County Council Airs Bill That Would Require Vending Machine Products To Be Healthier
Legislation would only affect machines on county property
County Council members and health advocates Tuesday presented a proposed bill that would require vending machines on county property to offer healthier products.
If approved, the bill would mandate that all vending machine service contracts with the county by July 2017 require at least 50 percent of food and drink items offered meet the health standards provided in the bill. By July 2018, at least 65 percent of items would have to meet that standard.
The bill would affect 168 vending machines on county property, including those in public buildings, libraries and fire stations. The health standards include limitations on the caloric and trans fat content of food and drink items.
Council member George Leventhal, who is sponsoring the bill, said existing contracts already require some health standards for vending machine products and the legislation would expand the standards and codify them into law. Since the machines are on county property, including health facilities, he said it is reasonable for the county to have a say in the products sold through them.
"We're just simply trying to put in law a basic guideline that is consistent with our overall goal," Leventhal said, "and that is that we want Montgomery County to be the healthiest county in America."
Speaking at a press conference in the Council Office Building in Rockville Tuesday before a public hearing, Leventhal listed the benefits of healthier options and held up examples of healthy and unhealthy snacks.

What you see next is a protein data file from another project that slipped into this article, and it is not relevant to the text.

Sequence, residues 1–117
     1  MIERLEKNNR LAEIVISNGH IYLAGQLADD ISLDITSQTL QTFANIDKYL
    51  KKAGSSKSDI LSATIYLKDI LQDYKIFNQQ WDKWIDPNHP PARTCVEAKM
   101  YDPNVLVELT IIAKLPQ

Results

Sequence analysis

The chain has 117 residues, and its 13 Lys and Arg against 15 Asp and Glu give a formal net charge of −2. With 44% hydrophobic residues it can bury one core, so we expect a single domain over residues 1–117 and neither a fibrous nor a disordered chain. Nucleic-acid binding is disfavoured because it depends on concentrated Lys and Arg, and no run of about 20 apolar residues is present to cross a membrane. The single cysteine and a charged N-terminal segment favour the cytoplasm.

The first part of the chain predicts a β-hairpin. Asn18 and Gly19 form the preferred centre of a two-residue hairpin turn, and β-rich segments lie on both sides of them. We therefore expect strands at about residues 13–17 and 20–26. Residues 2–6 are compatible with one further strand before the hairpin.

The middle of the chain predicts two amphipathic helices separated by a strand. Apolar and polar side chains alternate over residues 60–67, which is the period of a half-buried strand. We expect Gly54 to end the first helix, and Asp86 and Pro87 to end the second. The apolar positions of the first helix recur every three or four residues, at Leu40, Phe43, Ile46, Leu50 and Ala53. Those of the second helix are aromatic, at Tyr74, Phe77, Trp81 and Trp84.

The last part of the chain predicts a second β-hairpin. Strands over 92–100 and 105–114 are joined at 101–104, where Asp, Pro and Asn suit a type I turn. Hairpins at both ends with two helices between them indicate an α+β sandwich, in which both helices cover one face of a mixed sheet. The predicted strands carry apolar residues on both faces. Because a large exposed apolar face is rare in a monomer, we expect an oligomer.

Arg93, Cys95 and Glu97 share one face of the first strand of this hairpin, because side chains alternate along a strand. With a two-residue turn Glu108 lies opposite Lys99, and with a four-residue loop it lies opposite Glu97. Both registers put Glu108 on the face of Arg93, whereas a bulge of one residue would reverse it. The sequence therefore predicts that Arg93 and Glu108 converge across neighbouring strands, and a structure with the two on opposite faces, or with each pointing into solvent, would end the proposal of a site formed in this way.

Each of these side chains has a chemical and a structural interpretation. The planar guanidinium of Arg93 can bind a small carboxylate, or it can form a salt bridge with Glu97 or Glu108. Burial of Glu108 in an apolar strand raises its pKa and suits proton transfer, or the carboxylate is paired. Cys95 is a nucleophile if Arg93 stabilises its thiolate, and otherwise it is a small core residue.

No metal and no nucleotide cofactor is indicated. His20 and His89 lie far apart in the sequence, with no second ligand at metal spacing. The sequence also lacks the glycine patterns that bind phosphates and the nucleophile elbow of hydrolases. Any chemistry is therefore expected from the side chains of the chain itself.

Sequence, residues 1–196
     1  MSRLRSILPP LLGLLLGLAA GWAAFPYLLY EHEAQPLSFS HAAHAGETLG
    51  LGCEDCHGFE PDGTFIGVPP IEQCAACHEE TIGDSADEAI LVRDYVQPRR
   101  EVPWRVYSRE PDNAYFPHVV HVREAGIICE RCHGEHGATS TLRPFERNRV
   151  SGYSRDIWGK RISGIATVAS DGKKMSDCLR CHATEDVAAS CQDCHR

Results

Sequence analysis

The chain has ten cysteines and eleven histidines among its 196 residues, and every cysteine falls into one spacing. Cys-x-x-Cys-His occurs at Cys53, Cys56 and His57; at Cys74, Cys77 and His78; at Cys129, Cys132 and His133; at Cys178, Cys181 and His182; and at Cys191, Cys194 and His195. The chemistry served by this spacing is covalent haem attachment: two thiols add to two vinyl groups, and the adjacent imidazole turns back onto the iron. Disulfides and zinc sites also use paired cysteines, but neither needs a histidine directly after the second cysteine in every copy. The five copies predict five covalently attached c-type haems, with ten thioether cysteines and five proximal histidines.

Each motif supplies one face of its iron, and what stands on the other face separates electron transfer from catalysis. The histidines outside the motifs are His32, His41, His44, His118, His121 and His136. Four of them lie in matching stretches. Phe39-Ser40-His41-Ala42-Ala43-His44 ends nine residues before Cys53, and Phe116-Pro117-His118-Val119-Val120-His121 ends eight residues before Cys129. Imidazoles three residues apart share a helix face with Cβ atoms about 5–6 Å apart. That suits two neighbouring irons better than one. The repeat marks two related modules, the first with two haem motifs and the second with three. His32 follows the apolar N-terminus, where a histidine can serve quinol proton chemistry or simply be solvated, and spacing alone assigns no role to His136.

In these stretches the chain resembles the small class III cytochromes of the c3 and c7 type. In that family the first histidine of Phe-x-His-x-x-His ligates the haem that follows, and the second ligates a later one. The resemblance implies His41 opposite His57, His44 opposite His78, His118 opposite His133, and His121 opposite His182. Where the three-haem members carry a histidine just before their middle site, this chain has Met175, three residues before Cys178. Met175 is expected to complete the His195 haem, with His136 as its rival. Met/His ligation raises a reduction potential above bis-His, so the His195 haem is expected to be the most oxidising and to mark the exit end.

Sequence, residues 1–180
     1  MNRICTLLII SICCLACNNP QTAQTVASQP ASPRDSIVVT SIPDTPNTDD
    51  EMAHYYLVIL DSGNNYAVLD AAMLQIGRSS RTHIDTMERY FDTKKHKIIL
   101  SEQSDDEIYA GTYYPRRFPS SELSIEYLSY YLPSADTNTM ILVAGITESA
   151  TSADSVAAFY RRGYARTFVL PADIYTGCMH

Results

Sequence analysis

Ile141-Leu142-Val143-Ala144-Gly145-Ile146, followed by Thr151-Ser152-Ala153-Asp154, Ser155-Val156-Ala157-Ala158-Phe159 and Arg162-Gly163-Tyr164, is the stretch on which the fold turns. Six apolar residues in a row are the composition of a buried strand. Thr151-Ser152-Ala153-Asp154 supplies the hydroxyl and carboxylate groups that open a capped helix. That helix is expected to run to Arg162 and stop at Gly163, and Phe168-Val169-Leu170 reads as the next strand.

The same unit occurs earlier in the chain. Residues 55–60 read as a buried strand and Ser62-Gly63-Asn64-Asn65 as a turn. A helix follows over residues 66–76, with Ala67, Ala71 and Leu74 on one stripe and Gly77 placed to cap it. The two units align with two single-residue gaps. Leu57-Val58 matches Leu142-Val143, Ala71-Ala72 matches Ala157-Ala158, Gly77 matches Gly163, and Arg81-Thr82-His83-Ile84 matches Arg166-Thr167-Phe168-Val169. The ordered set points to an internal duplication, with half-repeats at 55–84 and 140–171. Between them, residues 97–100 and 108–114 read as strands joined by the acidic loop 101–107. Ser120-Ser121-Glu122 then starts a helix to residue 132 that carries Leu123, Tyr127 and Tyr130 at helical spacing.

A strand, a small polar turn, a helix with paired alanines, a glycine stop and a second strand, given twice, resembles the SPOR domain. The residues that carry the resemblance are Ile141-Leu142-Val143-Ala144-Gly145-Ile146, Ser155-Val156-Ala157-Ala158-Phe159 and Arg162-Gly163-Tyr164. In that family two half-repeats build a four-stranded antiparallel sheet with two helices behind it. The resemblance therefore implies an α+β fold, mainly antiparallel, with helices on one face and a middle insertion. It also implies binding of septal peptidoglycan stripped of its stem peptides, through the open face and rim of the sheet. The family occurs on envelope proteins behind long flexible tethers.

Leventhal said the council is not looking into mandating that healthier food be offered in vending machines not owned by the county.
Council member Craig Rice, a co-sponsor of the bill, said many county residents already seek healthy options, and the bill would help fight against the high rates of diabetes, high blood pressure and hypertension among minority residents.
"This is the right thing for us to do, it's the right message for us to send, especially when it comes to health disparities that we continue to see in our communities of color," Rice said. "These are things that are going to help us make that difference."
Health advocates from Sugar Free Kids Maryland and Real Food for Kids Montgomery pointed to the bill as a step in the right direction and a way for the county to set a healthy example.
"We're very excited about this bill because we're excited to have healthier options in our public places like our libraries and our public buildings where our children go and where we go," Lindsey Parsons, director of Food for Kids Montgomery, said.
Shawn McIntosh, executive director of Sugar Free Kids Maryland, said during a Tuesday afternoon public hearing on the bill that the legislation is not about regulating what people can choose, but about providing healthy options for those who want them.
Several other advocates and residents testified at the hearing, largely in support of the bill. Marla Hollander, a public health professional and Kensington resident, said the availability of healthy snacks would be a welcome change for her children, who often are faced with unhealthy choices.
Gaithersburg High School junior Jacqueline Guzman, who has Type 1 diabetes, said she has to be careful about eating unhealthy food and believes students “should have the right to choose snacks that are healthy for us.”
Ellen Valentino, a soda company representative, said she was neutral about the bill, but warned that the bill could stop some Maryland-made products from being sold. She also said passage of the bill could result in vending machines unable to offer products that private companies are working to make healthier, even if they aren’t healthy right now.
“If you be so prescriptive, you may actually swipe out what might be a healthier choice tomorrow, [but] which might not be a healthier choice today,” Valentino said.
A Government Operations Committee work session for the bill is scheduled for March 13.